by Ethan Paquet
Avery Arsenault is an Aviation Systems Technician with the Canadian Armed Forces, where she is responsible for servicing, repairing, and maintaining their fleet of CT-114 Tutor turbojets used in the 431 Air Demonstration Squadron, also known as the Snowbirds.
She recently spoke at the Atlantic Canada Aerospace & Defence Association (ACADA) Sea to Sky 2023 conference in Summerside, sharing her career journey, encouraging those entering the aerospace industry to consider jobs in the military, and offering advice to youth who are beginning to explore their career options.
“I hope to help people adopt a new perspective of this industry,” she says. “Aerospace is huge, and if someone has an interest in it, it’s really important they know all the options so they can find the right fit.”
High school course sparked her career interest
Avery first became interested in airplanes while she was a student in junior high when she saw the Snowbirds at an air show. When she later toured Three Oaks Senior High, she was excited to learn about their aviation course. “I saw the Aerospace classroom and I thought it was pretty neat that they had a class for that. I decided I was going to take it when I started Grade 10.”
The class material taught her the technical side of aviation, but it was the teacher who inspired her to consider it as a career option, she says. “He explained everything so well and talked a lot about his own experiences. I enjoyed the class so much that I took it again the next year. When I was in Grade 12, I knew I wanted to do something in this industry.”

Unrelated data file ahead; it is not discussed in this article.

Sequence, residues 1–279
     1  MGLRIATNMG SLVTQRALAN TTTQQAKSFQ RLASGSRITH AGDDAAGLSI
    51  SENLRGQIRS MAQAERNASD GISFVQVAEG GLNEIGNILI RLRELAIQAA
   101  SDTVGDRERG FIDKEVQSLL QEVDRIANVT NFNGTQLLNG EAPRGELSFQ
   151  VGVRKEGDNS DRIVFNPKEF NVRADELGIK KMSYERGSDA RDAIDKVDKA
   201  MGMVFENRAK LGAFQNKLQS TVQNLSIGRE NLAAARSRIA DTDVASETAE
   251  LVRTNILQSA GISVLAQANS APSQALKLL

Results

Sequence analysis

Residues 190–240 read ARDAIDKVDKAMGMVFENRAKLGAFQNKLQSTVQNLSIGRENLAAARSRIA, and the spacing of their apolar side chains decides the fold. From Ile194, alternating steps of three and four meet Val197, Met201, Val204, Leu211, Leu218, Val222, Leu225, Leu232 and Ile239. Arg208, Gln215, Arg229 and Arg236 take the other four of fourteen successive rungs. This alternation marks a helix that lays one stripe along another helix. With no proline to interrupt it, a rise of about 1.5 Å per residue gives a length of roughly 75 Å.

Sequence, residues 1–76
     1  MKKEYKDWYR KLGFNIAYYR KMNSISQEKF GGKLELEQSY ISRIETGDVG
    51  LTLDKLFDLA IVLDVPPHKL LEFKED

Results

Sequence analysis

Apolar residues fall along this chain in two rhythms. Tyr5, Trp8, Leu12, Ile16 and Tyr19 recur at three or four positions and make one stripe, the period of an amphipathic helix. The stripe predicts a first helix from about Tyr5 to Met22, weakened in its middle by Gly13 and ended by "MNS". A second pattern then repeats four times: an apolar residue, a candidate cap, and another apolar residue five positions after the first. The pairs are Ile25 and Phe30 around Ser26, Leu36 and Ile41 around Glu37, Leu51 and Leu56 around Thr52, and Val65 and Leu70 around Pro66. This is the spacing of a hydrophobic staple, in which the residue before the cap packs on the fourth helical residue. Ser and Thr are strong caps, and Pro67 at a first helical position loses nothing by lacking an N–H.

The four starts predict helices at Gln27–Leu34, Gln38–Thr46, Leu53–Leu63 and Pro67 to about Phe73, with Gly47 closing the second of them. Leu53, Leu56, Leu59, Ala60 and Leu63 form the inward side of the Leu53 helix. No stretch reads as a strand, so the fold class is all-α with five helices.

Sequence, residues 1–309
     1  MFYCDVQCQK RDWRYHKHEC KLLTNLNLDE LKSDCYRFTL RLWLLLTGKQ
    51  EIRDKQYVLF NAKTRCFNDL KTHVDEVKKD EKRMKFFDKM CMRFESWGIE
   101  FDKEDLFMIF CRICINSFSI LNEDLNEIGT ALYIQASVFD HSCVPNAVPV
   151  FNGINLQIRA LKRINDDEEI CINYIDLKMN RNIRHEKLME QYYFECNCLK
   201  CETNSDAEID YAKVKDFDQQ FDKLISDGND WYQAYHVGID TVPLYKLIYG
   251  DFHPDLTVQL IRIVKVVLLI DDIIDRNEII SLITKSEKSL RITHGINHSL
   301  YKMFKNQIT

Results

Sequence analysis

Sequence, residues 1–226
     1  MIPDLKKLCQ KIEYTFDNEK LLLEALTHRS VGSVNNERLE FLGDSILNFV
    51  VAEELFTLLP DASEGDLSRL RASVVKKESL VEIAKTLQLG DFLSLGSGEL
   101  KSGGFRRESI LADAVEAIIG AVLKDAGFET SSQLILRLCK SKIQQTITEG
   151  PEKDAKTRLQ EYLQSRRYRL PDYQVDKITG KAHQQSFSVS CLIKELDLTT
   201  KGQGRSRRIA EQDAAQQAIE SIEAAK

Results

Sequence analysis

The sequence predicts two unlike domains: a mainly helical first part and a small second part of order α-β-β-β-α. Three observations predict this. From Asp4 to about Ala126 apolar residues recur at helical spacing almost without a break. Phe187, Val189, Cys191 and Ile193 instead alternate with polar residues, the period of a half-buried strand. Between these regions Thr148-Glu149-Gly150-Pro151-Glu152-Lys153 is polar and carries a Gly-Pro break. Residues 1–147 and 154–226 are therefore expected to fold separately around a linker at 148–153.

After meeting with a school counsellor to discuss how her courses could lead to a career and considering advice from her teacher, she turned her focus to the Canadian Armed Forces. “I learned that they don’t require prior education or experience and that they were willing to pay me while I was getting trained, so I knew that was my best option because I didn’t have much saved for school.”
Life in the military
She enlisted right away and basic training started in September 2017 in Saint-Jean-sur-Richelieu, Quebec. “It taught me a lot of technical and life skills. The training included a classroom portion, drill, field training, physical training, weapons training, first aid, and more.”
From there, she enrolled in the Canadian Forces School of Aerospace Technology and Engineering in Borden, Ontario, which helped develop her aircraft mechanical skills. When she graduated in 2019, she immediately began her service with the Snowbirds, starting as an Apprentice before working her way to Journeyman.
This year, she became an A Level Technician. “Our team has 80 military members in roles such as Support Maintenance, Supply, Logistics, and Management. They have high levels of skill, professionalism, teamwork, discipline, and dedication. They inspire the pursuit of excellence wherever they go in North America.
“What makes this the right job for me is the variety. We take care of the airplanes, we travel with the team, and we fly in the airplanes. I get to experience a lot of different things, and it is very exciting.”
Connecting with youth
Avery says companies need to connect with students to inform them of the opportunities within their industry. “It’s important that youth know their options. By having companies advocate to them in junior high and high school, or even younger, students will get the seeds planted in their heads and can learn more about careers that stand out to them and where they might fit.”
Her advice to students who are considering their career options is to research the industries on PEI and to make connections early on. “If you have an interest in something, it is really important to look at all your options and see where you might fit. Don’t be shy to contact people and ask questions to find your answers. This could dictate your high school, college or university choices.”
FOR MORE INFORMATION
about careers with the Canadian Armed Forces, visit www.forces.ca